David and Art - “An Exhibit On Hold”

Oct 26, 2020
Sofie Hernandez-Simeonidis

When are controversial images in a series of paintings enough to make four prestigious museums postpone an exhibit for four years?

Last week I talked about an artist named Philip Guston whose remarkable career took him from realism to abstract expressionism, but then when he was almost 60 he shocked the art world by going back to representationalism.  As soon as he made the change, a curious cast of characters began to populate Guston’s new style.  Indeed one of the most distinctive features of his new worl was the appearance of hooded figures that look like they could be members of the Ku Klux Klan.   They’re not represented as people—not exactly.  They’re portrayed simply as cartoonish but vaguely menacing hoods and hands. 

David and Art - “Philip Guston”

Oct 19, 2020
Sofie Hernandez-Simeonidis

Philip Guston was an artist whose career spanned half of the 20th century and whose paintings are still the source of much discussion.  Maybe now more than ever.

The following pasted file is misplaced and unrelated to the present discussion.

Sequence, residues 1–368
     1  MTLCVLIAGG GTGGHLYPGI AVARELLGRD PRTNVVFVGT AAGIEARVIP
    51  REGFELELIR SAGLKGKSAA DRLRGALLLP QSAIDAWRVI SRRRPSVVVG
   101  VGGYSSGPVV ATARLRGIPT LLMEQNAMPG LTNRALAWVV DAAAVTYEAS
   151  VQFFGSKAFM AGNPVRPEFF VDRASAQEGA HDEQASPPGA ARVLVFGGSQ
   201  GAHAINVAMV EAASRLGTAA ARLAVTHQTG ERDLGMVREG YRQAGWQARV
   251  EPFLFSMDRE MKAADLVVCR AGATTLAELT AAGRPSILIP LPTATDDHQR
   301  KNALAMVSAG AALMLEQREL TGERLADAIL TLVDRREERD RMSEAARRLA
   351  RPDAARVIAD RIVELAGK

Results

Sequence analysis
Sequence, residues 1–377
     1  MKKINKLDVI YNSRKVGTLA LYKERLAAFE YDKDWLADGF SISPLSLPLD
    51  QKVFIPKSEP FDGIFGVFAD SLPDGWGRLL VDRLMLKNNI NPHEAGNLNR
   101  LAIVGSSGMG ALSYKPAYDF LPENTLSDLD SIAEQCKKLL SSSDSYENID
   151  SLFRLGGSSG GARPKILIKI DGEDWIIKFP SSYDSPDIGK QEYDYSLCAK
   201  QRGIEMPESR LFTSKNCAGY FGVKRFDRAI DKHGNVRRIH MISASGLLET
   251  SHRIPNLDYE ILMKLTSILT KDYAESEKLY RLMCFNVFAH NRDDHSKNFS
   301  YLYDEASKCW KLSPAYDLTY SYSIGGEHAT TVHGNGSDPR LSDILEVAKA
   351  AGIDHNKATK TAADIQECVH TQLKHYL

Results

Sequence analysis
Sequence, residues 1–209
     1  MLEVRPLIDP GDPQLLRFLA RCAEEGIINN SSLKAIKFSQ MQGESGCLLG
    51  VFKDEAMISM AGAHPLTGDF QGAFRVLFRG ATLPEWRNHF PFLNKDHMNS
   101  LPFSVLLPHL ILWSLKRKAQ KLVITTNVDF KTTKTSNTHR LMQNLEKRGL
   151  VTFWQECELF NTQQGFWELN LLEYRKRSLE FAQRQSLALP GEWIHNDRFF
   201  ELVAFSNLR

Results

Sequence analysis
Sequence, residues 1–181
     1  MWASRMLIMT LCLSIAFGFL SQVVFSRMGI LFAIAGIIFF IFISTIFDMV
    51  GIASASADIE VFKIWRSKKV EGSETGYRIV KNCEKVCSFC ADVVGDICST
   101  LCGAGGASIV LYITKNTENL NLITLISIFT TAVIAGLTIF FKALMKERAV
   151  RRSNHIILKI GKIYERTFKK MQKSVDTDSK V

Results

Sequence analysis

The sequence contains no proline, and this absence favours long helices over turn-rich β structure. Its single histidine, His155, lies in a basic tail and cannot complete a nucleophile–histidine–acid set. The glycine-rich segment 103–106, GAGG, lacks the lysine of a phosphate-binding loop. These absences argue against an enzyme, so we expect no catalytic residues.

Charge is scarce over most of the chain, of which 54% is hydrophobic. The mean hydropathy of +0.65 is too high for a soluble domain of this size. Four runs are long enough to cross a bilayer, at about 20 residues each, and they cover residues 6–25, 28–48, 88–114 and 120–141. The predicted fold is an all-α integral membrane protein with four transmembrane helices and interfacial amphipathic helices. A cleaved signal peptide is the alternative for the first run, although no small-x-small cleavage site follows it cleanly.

Painter Philip Guston was born in Montreal, Canada in 1913. His father and mother were immigrants from Russia and when he was seven the family moved to Southern California. His father, despairing over his inability to find work in the new surroundings, committed suicide when Phillip was about10. In part to deal with the grief he turned to art, often locking himself in a little

Sofie Hernandez-Simeonidis

Virgil Thomson, who wrote memorable music and wrote about music memorably, was an insightful artist whose opinions on art remain fresh more than 30 years after his death.

The other day a book arrived in my mailbox that I was really looking forward to receiving.  It was the Library of America’s edition of the music writing of a critic and composer named Virgil Thomson, an artist who ought to have greater name recognition among the American public.

Thomson was born in Kansas City, Missouri the year William McKinley beat William Jennings Bryan the first time.  He studied piano from an early age and after high school went off to Harvard where he studied music, specifically the piano works of Erik Satie.  He also sang with the Harvard Glee Club which took him to Europe for the first time.  He loved it and after graduation moved to Paris where he lived from 1925 until 1940.  There he fell in with an impressive crowd of artists including